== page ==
Child - means a person below the age of 18 years, unless the laws of a particular country set the legal age for adulthood either older or younger.  This child protection policy applies to all children whatever their race, religion or abilities; whatever they think or say; whatever type of family they come from; what language they speak; what their parents do; whether they are boys or girls; what their culture is; whether or not they have a disability; and whether they are rich or poor (UNICEF 1989 Convention on the Rights of the Child).

Child Abuse - means all forms of physical and/or emotional ill treatment, sexual abuse, neglect or negligent treatment of a child, or commercial or other exploitation of a child resulting in actual or potential harm to the child’s health, survival, development or dignity in the context of a relationship of responsibility, trust or power (WHO 1999 Consultation on Child Abuse Prevention).

Child Abuser - means a male or female of any social, cultural or economic group and of any age, including family members, people within the child’s community or institutions who engages in child abuse.

Representatives – means INCA’s full time and part-time staff, board members, volunteers, sponsors and any other persons representing INCA or participating in activities supported by INCA.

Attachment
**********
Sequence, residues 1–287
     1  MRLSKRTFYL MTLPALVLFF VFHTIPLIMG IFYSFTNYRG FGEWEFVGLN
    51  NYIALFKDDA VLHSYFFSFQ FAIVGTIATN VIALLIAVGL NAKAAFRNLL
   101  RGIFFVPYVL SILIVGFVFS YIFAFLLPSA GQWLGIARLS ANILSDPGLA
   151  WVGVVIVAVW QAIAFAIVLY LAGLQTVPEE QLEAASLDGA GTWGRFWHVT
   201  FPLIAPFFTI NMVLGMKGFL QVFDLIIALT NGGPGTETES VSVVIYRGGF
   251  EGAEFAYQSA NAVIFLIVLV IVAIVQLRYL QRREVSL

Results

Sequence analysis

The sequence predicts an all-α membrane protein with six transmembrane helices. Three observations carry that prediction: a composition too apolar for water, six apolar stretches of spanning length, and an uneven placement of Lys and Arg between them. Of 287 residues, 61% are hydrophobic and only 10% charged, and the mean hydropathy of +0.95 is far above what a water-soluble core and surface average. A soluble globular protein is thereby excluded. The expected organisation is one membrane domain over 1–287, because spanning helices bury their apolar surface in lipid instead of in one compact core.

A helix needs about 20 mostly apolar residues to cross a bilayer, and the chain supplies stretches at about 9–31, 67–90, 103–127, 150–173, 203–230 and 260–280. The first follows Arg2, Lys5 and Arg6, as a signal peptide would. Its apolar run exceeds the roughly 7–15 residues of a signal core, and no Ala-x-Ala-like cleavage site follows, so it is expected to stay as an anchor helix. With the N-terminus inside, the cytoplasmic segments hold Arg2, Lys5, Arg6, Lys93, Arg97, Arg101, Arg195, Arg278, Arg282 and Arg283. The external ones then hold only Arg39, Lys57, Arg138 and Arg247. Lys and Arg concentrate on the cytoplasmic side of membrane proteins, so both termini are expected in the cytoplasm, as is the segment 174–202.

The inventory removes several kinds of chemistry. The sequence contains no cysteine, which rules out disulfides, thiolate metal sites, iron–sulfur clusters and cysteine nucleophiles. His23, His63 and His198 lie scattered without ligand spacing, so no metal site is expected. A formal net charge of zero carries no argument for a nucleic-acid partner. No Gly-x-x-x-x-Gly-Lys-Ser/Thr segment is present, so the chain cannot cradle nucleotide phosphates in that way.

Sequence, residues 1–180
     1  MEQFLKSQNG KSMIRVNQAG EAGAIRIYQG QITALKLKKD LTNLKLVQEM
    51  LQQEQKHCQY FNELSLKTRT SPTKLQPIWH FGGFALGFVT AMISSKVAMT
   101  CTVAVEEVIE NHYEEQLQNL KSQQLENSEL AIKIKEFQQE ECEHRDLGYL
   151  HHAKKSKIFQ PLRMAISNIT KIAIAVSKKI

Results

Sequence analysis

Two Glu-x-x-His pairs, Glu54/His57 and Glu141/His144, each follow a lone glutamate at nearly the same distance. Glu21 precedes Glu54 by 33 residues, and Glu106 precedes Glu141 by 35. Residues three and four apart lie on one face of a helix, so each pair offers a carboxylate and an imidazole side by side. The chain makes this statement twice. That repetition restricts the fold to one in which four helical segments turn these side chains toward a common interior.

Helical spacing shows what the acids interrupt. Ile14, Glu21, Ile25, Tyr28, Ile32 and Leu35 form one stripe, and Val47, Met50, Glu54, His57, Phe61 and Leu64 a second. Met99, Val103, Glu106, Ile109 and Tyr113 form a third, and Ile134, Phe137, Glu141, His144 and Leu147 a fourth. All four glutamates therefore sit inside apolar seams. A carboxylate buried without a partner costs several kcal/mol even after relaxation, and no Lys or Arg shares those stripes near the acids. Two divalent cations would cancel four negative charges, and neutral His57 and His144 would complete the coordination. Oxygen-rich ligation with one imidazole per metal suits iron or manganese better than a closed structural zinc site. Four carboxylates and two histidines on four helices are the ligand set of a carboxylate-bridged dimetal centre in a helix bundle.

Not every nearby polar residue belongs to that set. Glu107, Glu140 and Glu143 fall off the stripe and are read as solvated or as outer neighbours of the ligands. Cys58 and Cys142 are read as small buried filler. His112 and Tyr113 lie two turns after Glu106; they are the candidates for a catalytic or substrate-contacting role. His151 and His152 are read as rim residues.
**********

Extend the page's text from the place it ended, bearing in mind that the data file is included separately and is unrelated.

Child Protection Policy

  1. All INCA staff, board members and volunteers shall receive and acknowledge by signature a copy of this Child Protection Policy.
  2. All INCA staff and board members shall have a criminal record or police background clearance.  Full time staff should have a criminal check repeated every five years.
  3. All Representatives shall sign and adhere to the Code of Conduct forming part of this Child Protection Policy before visiting a child.
  4. Representatives shall arrange all visits with sponsored children or visits to programs involving children through International Needs Canada and the partner organization.

Reporting and Response

  1. Development of an effective reporting procedure and response plan for handling any allegation or suspicion of alleged child abuse enhances efforts to protect children from abuse.  Child abusers are not likely to remain in an environment where workers are trained to report suspicious behavior.  Child abusers thrive on secrecy and are more likely to commit child abuse when they are unnoticed, or when they are in an environment in which others are naïve or insensitive to the possibility of child abuse.